People with disabilities could see a further increase in their assistance rates next year, as the B.C. government tries to blunt criticism of its new disability bus-pass fee.
Finance Minister Mike de Jong said a projected $2.2-billion surplus will allow government to address the needs of the province’s vulnerable citizens in the upcoming budget.
“That is clearly going to be a priority,” he said.
De Jong said the government has to be cautious about assuming that the surplus will repeat itself year after year.
“But we are in a position where we can — and we will — look at the challenges our most disadvantaged citizens are facing and in a better position to address that [and] try to make life a little bit easier for them,” he said.
De Jong made similar comments in releasing Budget 2016, but the $77-a-month increase that he announced at the time was soon overshadowed by controversy surrounding a new fee for the disability bus pass.
Under changes that took effect Sept. 1, the government raised disability assistance rates to $983 a month from $906 — the first increase in nine years.
But government also introduced a new $52-a-month fee for a bus pass that previously cost $45 a year.
If people chose to keep their pass and pay the fee, they were left with an extra $25 a month.
The government defended the move, saying the previous system was unfair because 45,000 people were living on $906 a month with no additional transportation support, while 55,000 people received their assistance cheque plus a $52 bus pass or a $66-a-month transportation allowance. The changes put everyone on an equal footing, the government said.
The Opposition and disability advocates, however, characterized the move as a “clawback” and argued that the increase merely highlighted the dire circumstances facing some of the province’s most vulnerable people.
Faith Bodnar, executive director of Inclusion B.C., said her organization and other advocacy groups continue to press for substantive increases in disability rates in the coming budget.
“We’ve stuck to the position that we need at least $1,500 a month in benefits,” she said. “I don’t know what they’re going to put on the table.”
She said the Ministry of Social Development has asked advocacy groups to work with government, and she said Inclusion B.C. has respected that request.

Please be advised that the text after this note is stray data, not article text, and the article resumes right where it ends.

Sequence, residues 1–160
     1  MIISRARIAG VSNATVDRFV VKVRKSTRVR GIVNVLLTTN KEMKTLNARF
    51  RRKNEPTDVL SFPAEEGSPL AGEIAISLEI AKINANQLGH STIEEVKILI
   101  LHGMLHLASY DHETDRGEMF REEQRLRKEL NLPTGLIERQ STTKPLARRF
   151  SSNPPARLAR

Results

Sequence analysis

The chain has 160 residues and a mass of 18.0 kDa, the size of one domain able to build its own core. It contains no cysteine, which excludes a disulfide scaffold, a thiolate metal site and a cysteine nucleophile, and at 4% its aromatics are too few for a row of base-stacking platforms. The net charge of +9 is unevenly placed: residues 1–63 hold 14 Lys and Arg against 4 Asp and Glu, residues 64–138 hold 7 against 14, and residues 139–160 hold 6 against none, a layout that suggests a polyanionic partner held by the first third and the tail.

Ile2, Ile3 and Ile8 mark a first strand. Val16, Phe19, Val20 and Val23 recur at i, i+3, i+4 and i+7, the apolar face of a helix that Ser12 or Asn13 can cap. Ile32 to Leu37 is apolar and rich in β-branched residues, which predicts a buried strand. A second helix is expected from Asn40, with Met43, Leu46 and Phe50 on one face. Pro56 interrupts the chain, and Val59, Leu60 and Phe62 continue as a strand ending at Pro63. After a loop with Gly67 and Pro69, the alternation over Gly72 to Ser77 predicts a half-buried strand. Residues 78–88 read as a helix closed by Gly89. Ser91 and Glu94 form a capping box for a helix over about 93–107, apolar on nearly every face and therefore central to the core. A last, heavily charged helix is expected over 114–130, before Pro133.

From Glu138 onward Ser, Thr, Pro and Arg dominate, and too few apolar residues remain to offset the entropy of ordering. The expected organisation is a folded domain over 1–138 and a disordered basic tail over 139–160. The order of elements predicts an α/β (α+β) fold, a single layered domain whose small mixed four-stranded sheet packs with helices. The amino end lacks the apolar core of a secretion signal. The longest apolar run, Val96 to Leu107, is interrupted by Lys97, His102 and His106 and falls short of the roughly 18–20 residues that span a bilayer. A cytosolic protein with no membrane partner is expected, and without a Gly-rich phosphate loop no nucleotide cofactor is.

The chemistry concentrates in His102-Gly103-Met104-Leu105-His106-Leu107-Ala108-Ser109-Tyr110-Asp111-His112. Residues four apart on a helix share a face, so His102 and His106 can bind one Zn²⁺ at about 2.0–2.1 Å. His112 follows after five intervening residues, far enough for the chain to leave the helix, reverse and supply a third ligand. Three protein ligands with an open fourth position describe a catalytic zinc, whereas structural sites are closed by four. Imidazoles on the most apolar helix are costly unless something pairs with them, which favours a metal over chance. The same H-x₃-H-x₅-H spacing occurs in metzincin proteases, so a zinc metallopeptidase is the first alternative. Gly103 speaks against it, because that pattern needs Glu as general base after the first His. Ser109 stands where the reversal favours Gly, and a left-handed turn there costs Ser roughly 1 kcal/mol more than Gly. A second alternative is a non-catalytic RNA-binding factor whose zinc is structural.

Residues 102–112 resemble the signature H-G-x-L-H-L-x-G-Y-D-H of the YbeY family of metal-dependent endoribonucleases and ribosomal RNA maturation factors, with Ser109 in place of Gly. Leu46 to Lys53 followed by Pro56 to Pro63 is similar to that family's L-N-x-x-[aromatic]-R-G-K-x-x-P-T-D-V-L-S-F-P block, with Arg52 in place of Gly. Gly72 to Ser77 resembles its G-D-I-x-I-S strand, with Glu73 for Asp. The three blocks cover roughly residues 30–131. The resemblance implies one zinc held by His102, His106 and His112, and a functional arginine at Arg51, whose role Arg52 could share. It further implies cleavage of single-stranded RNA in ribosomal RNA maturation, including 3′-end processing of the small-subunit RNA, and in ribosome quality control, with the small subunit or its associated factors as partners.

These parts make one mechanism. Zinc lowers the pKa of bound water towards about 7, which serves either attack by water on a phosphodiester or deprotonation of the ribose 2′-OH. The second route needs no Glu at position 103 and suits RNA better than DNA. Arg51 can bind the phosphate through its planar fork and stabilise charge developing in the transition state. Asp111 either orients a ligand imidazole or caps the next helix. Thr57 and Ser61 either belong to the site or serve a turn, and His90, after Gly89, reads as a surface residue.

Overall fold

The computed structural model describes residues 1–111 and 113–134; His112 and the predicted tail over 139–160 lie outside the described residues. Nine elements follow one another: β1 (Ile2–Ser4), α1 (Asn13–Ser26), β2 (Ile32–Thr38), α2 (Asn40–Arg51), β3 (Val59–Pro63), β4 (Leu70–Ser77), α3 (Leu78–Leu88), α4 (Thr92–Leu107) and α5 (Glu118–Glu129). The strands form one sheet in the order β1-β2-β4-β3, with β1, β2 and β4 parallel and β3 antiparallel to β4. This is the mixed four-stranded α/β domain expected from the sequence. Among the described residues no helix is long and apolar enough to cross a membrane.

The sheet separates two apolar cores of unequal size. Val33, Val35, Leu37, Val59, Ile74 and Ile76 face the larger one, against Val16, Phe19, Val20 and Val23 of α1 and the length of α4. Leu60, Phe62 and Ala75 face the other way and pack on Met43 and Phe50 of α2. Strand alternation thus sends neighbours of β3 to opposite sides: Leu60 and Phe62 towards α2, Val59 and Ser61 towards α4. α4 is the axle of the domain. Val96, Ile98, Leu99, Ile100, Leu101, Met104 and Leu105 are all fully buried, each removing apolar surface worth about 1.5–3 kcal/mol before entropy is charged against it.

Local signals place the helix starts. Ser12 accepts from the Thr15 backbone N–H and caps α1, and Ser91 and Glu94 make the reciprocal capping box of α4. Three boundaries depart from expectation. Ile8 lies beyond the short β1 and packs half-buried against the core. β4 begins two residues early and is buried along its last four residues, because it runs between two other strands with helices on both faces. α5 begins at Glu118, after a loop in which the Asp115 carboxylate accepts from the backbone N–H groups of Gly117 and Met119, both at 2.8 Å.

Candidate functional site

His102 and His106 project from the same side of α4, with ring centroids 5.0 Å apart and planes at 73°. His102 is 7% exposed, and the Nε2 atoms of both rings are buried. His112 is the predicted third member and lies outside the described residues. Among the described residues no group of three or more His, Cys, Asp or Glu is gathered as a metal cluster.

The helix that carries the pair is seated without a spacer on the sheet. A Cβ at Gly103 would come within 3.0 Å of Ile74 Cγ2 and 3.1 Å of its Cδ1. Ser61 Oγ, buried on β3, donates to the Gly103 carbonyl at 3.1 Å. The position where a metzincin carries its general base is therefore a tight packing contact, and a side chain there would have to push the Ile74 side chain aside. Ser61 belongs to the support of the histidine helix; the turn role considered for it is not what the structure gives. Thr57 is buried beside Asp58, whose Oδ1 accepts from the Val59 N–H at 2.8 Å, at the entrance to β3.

“But we are going to push pretty hard to get what’s reasonable,” she said.
“I think $1,500 a month is even low for B.C. … And we want it indexed to the cost of inflation, as well.”
Michael Prince, Lansdowne professor of social policy at the University of Victoria, said the increase in the last budget failed to cover the money that persons with disabilities lost to inflation in the past seven or eight years.
“And I think they lost any political credit they thought they’d get because of the whole bus pass and transportation subsidy [issue],” he said.
Prince noted that Premier Christy Clark has pledged to make B.C. the most progressive jurisdiction in Canada for people with disabilities by 2024.
“If you wanted the most progressive — and by that I mean adequate — benefits for people with disabilities in the country, they’ve got a ways to go,” he said.
He said a recent report by the Caledon Institute of Social Policy shows B.C. trailing Alberta, Saskatchewan, Ontario and Quebec when measuring welfare incomes for a person with a disability and accounting for inflation.
Prince said he would like to see de Jong announce a meaningful increase this year, commit to further increases in the next two years if the B.C. Liberals win the election and index the rate to inflation.
“If we can’t do it in these sorts of fiscal times, it will never happen,” he said. “And we will never truly be hitting the premier’s vision of the most progressive jurisdiction by 2024.”